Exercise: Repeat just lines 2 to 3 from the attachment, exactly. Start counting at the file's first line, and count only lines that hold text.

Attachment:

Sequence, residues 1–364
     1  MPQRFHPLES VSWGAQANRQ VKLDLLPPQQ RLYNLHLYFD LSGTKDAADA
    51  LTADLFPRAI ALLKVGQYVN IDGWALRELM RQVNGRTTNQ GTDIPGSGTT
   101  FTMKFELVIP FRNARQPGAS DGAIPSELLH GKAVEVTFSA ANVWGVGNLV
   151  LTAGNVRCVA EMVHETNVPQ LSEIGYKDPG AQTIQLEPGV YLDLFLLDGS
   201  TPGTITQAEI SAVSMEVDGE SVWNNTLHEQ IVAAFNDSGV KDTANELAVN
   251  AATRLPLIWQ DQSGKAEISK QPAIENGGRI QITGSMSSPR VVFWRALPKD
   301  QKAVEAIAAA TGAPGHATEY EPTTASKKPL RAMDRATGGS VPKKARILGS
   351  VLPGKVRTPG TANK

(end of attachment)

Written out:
     1  MPQRFHPLES VSWGAQANRQ VKLDLLPPQQ RLYNLHLYFD LSGTKDAADA
    51  LTADLFPRAI ALLKVGQYVN IDGWALRELM RQVNGRTTNQ GTDIPGSGTT